Jordan Watson, now a celebrated brand strategist and content creator, really hit his stride in 2018 after opening a cannabis shop in Los Angeles. During this time, he figured out innovative ways to grow the brand’s presence despite all the red tape that makes it challenging to market cannabis on social media.
For Watson, better known as Ace King on social media, building a dream job meant weaving together his passions for two industries that take so much from Black Americans — and give very little in return. Black content creators of all types are compensated less than their white counterparts; this is especially ironic given that so much of what trends comes from Black culture. Because of this, he wants other Black creators to rise up and demand what they deserve.
Getting his company’s following to a solid 10,000 was the branding needed to grow the business from one shop to three across LA. Still, he knew from the beginning how hard it would be to make a living curating cannabis content.
“You’re expected to do and give a lot before anyone decides to cut you a check. And then when they do decide to cut you a check, you get paid pennies on the dollar for what your platform and your work is actually worth,” Watson says about brands that work with Black and brown influencers.
This, of course, is not unique to the cannabis industry. A survey called “Time to Face the Influencer Gap,” published by public relations firm MSL and The Influencer League, found a 35% pay gap between Black content creators and their white counterparts. The report also found that 59% of Black influencers noticed negative financial impacts when they made race-related content. Despite these depressing numbers, Watson found that as a consultant for cannabis brands, there were aspects of his identity and experience he could use as leverage to build lucrative partnerships.
He also found that white social media professionals who occupy most high-level marketing positions across industries don’t latch onto trends like Black content creators do. And if Black creators are connecting with the masses, they should be compensated as such. “That’s what really got me into continuing to find ways to advocate for myself,” Watson says.
Since making this assessment, Watson has found himself in rooms creating content for major brands such as Jordan Peele’s Monkeypaw Productions and Meta. Still sticking close to a cause that’s driven him from day one, though, he recently joined forces with Cannaclusive, serving as a creative consultant for the Black-owned collective that facilitates inclusion in the cannabis industry.
Now that he’s learned how to leverage his own brand and many others’, he hopes to teach other Black content creators how to do the same — and to get compensated fairly while doing it. Here are a few valuable he shared for all the talented Black creators out there looking to secure to the bag.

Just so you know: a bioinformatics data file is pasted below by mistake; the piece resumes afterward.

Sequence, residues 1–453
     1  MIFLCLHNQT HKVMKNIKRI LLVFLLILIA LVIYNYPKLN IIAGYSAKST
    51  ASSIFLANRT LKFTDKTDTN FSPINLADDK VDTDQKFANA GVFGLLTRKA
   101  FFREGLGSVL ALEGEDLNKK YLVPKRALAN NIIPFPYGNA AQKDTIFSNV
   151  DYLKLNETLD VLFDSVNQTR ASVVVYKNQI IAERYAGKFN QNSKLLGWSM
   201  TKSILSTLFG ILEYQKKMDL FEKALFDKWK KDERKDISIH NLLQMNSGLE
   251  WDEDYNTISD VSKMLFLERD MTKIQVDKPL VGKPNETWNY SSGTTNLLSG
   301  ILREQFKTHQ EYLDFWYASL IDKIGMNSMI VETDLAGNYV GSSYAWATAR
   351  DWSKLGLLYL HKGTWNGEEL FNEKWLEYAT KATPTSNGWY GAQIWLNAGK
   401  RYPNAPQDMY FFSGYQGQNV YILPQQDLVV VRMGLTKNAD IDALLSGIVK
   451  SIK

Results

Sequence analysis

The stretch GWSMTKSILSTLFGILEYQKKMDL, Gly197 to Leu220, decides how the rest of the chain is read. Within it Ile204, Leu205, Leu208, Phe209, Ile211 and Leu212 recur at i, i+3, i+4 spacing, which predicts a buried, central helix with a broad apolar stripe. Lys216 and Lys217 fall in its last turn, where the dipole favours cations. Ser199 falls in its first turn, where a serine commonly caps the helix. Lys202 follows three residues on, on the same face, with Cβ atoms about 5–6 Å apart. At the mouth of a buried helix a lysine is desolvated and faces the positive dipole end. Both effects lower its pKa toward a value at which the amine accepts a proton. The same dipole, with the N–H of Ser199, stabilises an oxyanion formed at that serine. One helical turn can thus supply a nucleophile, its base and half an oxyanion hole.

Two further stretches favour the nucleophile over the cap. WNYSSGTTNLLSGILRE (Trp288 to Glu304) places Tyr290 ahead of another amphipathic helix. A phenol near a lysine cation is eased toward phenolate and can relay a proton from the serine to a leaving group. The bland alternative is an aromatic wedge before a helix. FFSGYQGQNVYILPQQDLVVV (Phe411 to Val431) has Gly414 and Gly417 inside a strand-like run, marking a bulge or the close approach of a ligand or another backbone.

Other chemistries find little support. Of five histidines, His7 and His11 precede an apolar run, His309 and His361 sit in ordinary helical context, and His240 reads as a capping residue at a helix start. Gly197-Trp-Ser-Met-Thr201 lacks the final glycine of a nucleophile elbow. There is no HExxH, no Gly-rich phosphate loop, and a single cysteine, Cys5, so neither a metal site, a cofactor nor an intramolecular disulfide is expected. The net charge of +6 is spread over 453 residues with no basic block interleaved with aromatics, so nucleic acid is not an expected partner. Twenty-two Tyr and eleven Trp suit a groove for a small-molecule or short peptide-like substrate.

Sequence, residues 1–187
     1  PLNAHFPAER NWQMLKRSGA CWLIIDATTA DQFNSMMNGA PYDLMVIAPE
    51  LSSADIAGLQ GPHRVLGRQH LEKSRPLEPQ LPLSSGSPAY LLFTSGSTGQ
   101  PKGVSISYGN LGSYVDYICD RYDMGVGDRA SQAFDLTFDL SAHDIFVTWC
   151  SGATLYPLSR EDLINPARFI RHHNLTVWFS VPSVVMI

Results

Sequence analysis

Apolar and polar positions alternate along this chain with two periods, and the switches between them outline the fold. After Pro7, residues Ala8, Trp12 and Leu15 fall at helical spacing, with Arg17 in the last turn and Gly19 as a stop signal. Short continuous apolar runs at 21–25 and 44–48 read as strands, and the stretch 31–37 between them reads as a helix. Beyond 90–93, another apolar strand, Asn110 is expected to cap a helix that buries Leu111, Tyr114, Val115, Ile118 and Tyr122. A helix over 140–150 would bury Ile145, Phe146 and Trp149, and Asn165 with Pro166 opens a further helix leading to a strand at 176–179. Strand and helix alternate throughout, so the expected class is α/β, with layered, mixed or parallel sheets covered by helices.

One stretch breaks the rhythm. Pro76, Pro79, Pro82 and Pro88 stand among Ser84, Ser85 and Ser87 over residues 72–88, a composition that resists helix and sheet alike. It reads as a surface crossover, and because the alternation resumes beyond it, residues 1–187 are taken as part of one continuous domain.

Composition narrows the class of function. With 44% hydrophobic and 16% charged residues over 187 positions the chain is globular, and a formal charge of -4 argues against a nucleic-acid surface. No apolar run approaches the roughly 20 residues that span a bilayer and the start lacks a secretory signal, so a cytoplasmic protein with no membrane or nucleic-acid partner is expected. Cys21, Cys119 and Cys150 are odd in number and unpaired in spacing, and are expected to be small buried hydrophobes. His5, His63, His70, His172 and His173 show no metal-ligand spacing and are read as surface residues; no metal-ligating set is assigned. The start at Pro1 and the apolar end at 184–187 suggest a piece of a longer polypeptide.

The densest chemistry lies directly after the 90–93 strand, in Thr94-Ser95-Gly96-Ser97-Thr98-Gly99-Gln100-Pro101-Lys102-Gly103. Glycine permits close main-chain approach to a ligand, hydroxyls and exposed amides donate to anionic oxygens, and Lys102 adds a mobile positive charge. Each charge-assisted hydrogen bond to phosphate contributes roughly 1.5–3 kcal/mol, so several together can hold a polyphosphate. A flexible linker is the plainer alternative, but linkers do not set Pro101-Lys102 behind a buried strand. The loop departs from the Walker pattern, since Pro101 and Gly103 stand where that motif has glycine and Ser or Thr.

Protect Your Work
Getting credit for what you do essentially means that you’ll have grounds to demand compensation for it. “Copyright, no matter what,” Watson tells me, “and if anyone uses your content without permission, you can file a copyright infringement if they refuse to take it down. So don’t be afraid to call people out for credit.”
Once a creator uploads original content to their page, in most cases, it belongs to the creator and is subject to copyright law. However, creators can pay a fee to have their work copyrighted or to add watermarks, copyright symbols and/or contact information to content to ensure they are credited when it is shared. Knowing the terms and conditions of the platforms where you share your content is also helpful.
Know Your Worth and Ask For It In Writing
Research what the standard is for a job you’re doing and establish a rate that feels fair based on your skills and experience. And then, create a paper trail for offers and negotiations. “If you say this is your rate and this is your value, stick to that,” he adds.
Asking for what you’re worth can be daunting, but doing so (over email) makes everything feel more set in stone. Watson suggests creating a visually appealing media kit that you update with the logos of the brands you’ve worked with, your services, and your rate — it can cut down on the back-and-forth of negotiation.
Research Any Potential Partners Carefully
“Don’t be afraid to look up the numbers. ... If they are a publicly traded company, oftentimes you can find out how much money they make annually,” Watson says. “And if you do an SEO search, you can find out how much someone has raised in funding.”
Watson says that knowing how much a brand is worth is essential in determining how to pitch yourself and what you may be able to charge. Doing so gives you a better sense of what the brand can offer you regarding budget, which can help you create a pitch perfectly tailored to the brand’s identity and capacity.
Don’t Take Things Personally
“If the brand doesn’t want to work with you, it may not be because of you,” he says. More often than not, brands pass on working with creatives for reasons that have nothing at all to do with the creative. A brand may not have the appropriate budget to work with a creative, or there may be things going on in the background far out of everyone’s control. If you believe you presented yourself in the most professional way possible and they still don’t want to work with you, just keep it moving.